The London Reader

is creating magazine issues with Contemporary Voices in Creative Writing

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Featuring great stories from thought-provoking perspectives, the London Reader magazine presents contemporary voices in creative writing. The fiction, poetry, creative non-fiction, and interviews in each issue are curated, as if in a gallery, in order to explore a single theme, genre, region, or topic.

By subscribing to the London Reader, you're directly supporting the writers whose work is within its pages. Issues are cooperatively owned by their contributors, and each writer receives a proportionate share of your subscription amount. In addition, the curator of each issue designates a charity, detailed within, which receives 10 percent of revenue from the issue.

New issues are released four times per year on the first week of March, June, September, and December.

Support the literary arts; read great stories; subscribe to the London Reader.

Current Issue: Our Time in Quarantine
Stories and Poetry from the Lockdown

In quarantine, almost everything has changed—but it has changed for all of us, all at once. As difficult and as isolating is, we all share this moment. We are connected the world-over like during no global calamity that has come before. And our stories can help us navigate this pandemic in this moment. They can help us understand it through other people’s eyes. And they can help us remember how it has affected everyone’s lives.

In these stories, a magical clock that last chimed during the Spanish flu is uncovered; neighbours learn everything about each other through their facing windows; one woman's quarantine feels oddly like a house cat's; and ghosts of the past come to dinner when no one else can. The stories in this issue were all composed this year. They sprang from the experiences and imaginations of almost twenty different authors grappling with the pandemic.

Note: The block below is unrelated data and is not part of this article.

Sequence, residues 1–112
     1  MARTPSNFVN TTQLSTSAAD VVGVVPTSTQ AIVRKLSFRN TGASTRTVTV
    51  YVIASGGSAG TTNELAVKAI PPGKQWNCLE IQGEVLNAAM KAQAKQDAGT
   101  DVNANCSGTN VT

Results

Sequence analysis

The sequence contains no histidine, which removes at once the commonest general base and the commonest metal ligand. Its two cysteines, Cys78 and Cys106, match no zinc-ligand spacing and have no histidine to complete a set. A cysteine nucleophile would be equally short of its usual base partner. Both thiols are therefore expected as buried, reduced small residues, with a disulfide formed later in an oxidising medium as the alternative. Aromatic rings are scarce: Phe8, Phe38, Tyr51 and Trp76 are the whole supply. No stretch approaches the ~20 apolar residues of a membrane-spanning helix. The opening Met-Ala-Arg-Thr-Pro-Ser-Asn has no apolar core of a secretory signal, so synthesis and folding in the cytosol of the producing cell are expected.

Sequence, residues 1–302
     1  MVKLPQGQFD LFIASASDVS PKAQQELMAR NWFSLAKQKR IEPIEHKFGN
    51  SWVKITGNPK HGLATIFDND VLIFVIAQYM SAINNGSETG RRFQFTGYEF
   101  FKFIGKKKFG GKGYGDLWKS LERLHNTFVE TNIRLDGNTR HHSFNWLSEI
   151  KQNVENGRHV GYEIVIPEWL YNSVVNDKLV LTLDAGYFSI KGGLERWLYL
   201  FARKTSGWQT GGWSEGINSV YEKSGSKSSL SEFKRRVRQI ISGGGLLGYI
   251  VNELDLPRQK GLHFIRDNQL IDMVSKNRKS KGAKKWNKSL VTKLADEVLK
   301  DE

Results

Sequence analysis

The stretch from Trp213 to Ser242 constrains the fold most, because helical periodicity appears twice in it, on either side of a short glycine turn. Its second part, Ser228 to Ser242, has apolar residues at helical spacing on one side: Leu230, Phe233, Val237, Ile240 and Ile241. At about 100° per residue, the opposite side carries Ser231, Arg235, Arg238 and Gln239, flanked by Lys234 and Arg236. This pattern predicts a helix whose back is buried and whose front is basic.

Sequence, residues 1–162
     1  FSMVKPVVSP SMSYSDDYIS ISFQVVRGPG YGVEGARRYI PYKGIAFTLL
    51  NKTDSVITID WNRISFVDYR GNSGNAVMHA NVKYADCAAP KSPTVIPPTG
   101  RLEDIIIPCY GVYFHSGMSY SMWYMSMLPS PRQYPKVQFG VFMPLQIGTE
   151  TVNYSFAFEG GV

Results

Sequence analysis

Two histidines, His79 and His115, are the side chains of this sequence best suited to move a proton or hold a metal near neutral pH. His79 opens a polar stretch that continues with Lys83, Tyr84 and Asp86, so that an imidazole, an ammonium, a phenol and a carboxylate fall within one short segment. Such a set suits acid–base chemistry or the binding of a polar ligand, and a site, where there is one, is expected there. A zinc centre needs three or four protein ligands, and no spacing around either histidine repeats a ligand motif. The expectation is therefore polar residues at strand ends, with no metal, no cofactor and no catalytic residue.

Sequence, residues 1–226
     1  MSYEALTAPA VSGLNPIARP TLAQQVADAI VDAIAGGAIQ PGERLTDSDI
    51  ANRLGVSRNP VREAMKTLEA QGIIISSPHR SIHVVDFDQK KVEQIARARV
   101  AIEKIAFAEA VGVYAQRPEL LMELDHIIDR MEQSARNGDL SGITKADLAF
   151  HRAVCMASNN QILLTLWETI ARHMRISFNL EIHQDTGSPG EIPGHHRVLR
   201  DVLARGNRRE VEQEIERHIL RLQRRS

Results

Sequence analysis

This issue presents enchanting and affirming short stories from Yvette Viets Flaten, Emma McKee, DC Van Schaick, Amy Lord, Anna McCarthy, Coles Lee, Miriam Huxley, Gabrielle Mullarkey, Douglas W Milliken, and Rekha Valliappan. It includes moving and inspiring poetry by Victoria Fifield, Nancy Cook, Gerard Sarnat, Katrina Dybzynska, Ronda Piszk Broatch, Jen Karetnick, and Anvesh Jain, as well as art from Ann Marie Sekeres, Brenda Mann Hammack, Laisve Rose, and Leo Wijnhoven. This issue also features interviews with the multi-award-winning author Namwali Serpell, whose first novel, the intergenerational epic, The Old Drift has been called “extraordinary, ambitious, evocative, dazzling” by Salman Rushdie; and with Phumlani Pikoli, the author and multidisciplinary artist who’s been cited as an “urgent new voice in South African fiction”.

The work of these authors and artists all bear witness to the greatest health crisis of our times. Through stories, we are deciding what is essential to our lives, we are figuring out what the phrase “the new normal” really means, and we are discovering, we’re all in this together.

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